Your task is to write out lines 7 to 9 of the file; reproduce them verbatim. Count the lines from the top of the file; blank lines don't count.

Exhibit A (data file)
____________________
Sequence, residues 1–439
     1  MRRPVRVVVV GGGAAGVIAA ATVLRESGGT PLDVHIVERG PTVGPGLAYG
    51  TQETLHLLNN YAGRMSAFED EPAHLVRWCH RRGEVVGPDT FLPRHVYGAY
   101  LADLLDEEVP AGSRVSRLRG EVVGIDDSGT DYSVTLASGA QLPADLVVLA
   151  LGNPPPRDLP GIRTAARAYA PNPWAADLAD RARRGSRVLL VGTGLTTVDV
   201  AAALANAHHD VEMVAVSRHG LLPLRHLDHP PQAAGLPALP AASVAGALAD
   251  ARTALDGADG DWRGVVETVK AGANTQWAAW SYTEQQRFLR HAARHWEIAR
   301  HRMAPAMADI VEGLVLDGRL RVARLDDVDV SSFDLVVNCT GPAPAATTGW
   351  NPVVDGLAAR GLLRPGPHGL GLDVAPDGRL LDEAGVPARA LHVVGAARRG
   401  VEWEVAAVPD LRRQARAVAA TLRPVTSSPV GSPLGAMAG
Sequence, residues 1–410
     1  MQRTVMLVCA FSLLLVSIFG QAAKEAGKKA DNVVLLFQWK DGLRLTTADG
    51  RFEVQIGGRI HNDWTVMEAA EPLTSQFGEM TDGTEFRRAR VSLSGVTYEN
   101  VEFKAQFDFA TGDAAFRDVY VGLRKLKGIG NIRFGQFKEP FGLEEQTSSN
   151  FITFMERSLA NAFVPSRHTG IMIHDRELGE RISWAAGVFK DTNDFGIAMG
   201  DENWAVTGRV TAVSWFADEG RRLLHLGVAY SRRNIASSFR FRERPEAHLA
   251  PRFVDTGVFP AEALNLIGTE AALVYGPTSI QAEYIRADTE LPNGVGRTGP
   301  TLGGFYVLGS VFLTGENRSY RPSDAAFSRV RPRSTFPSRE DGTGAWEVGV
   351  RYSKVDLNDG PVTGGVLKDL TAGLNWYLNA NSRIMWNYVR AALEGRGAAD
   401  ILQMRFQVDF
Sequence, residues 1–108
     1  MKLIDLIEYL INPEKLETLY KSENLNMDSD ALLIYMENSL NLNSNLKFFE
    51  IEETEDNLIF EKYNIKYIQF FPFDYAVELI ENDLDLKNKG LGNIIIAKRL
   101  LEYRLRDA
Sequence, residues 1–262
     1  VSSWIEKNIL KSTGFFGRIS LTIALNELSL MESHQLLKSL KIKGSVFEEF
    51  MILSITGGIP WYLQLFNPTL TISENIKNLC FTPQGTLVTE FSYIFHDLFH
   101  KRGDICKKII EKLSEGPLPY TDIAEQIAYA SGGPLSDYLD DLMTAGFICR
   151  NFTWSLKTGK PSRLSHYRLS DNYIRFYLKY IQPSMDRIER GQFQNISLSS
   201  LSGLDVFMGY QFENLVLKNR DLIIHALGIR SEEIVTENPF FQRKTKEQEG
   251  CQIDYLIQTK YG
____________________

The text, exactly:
   251  ARTALDGADG DWRGVVETVK AGANTQWAAW SYTEQQRFLR HAARHWEIAR
   301  HRMAPAMADI VEGLVLDGRL RVARLDDVDV SSFDLVVNCT GPAPAATTGW
   351  NPVVDGLAAR GLLRPGPHGL GLDVAPDGRL LDEAGVPARA LHVVGAARRG